Burn the Beans, Please

I don't know how much of this is a facet of my fascination with cooking, and my ever-geekening desire to explore new (to me) ideas, and how much of it is an artifact of my cheap-assery. Regardless, I've been on a big kick lately (if lately is the past five years) searching after "full utilization," whatever that means. To me, it's the equivalent of "nose-to-tail," but extended to the totality of my cooking. These days, given my increased focus on vegetables, I've been on a quest to use every last scrap of every last vegetable I use.

Carrot tops go into pesto or gremolata; squash peel gets roasted, dehydrated and employed in a variety of ways (more on that later); melon rinds get pickled or salt-preserved (an ongoing project whose success is still an unknown); bean and pea-shells get burned. That's right. I burn my beans. On purpose.

It started because I had some snow peas left over from a produce basket, and no real plan on what to do with them. I'd employed a raw handful as a crunchy and fresh element on a dish of carrots (pan roasted and oven roasted in a crust of chicory and coffee), roasted cauliflower, torpedo onions, and a sweet potato and ponzu puree. They served their purpose admirably, and were my kids' favorite part of the whole dish. Trying to take them in a new direction, I decided to treat them in exactly the opposite way I usually do, and see what happened.

Since I usually focus on the freshness and vibrancy of snow peas, burning them seemed like the right way to go if I wanted to explore a new way of thinking about snow peas. I threw them in a pan under the broiler and let them get nicely blistered and charred. The smell was smoky, rich and herbal, while still retaining the sweet, slightly grassy elements of the fresh peas. The flavor was much the same.

Again trying to explore a new direction, I steered away from the crisp texture I usually prize in snow peas, choosing to capture the combination of smoky, herbal and fresh flavors in a quick broth. I submerged the charred peas in a few cups of water, put them over a low flame and let them steep for an hour or so. When I tasted the broth, it was limpid in both appearance and flavor, not at all what I was hoping for. At first, I thought my experiment a failure. Then I reached for my immersion blender.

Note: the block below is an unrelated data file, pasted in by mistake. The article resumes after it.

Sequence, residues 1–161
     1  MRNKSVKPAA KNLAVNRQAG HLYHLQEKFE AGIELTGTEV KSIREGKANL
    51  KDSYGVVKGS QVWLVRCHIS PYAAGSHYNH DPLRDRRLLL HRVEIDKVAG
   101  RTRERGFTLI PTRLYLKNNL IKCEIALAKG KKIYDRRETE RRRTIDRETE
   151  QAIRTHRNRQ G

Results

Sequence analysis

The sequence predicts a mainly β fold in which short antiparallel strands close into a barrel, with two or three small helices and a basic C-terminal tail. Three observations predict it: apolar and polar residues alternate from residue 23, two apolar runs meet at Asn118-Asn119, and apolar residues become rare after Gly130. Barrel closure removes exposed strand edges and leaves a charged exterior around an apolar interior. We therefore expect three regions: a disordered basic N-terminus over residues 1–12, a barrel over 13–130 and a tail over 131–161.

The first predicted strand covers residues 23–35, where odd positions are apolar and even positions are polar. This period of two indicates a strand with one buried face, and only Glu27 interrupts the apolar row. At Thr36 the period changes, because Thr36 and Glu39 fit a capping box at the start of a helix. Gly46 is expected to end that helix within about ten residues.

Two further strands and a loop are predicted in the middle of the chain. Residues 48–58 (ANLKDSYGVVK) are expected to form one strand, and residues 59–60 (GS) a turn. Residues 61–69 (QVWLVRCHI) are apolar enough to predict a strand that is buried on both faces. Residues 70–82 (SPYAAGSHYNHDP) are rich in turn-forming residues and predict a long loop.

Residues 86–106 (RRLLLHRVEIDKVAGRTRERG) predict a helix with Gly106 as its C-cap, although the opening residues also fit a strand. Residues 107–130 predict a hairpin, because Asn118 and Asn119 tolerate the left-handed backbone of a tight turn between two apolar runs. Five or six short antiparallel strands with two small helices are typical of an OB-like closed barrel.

After thoroughly obliterating the charred peas, blending them into the water to form a thin-yet-chunky puree of sorts, I strained the mess through a chinois. The earthy tint of the resulting broth, flecked with a few bits of char that made their way through the sieve, was beguiling. The flavor was everything I'd wanted, like a distilled form of the aromas I'd smelled after charring.

To mirror the interplay of flavors in the broth, I composed a dish of earthy-sweet kabocha squash, roasted with togarashi and lavender salt, simple pan fried zucchini, sliced thin and lightly coated with panko for crispness, and a sort of gremolata made with a bruinoise of raw zucchini, zipped up with lemon juice and zest, salt and just a bit of fresh rosemary. It was comforting, intriguing, deeply flavored and quite nuanced. It's had me obsessed with burning bean and pea shells and hulls, so frequently cast off in the process of getting to the meat of the matter, figuratively speaking, of course.

Since then, I've done similar things with favas and plain old green beans. For the former, I grilled the favas in their pods, eating the tender beans with a dinner of grilled rib eyes and endive dressed in a fish-sauce vinaigrette.

The next night, I made a broth of the cast-off pods, following the method described above, and served it with pan-seared scallops and sunchokes (an idea driven by the potential for an interesting visual similarity), roasted shiitakes and sweet corn, dressed with another version of zucchini gremolata, a dice of peaches adding an interesting twist. It was fantastic, too. The broth brought the lush texture of favas in flavor form, with the added inflection of the grill, and really rounded out and complemented the other elements.

Now, I'm sitting on some green bean trimmings, saved from a simple roast chicken dinner, that I blackened in a pan. I've got it in my head to freeze a batch of charred green bean broth, and keep saving up more until I can turn it into a spin on minestrone.

I don't want to be a one-trick pony, though, so I'm thinking of other things to do with the pods left after shelling, say, English peas. I threw a whole mess of them in the compost last year for Shiftwork Bites, and don't intend to repeat what I now see as a tragic waste. Perhaps an English pea panna cotta, with the pea shells steeped gently into milk? Dehydrated and ground pea shells turned into a smoky, slightly vegetal finishing salt? The possibilities are endless, and it all started when I burned the beans.

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Nicholas L. Hall is a husband and father who earns his keep playing a video game that controls the U.S. power grid. He also writes for the Houston Press about food, booze and music, in an attempt to keep the demons at bay. When he's not busy keeping your lights on, he can usually be found making various messes in the kitchen, with apologies to his wife.
Contact: Nicholas L. Hall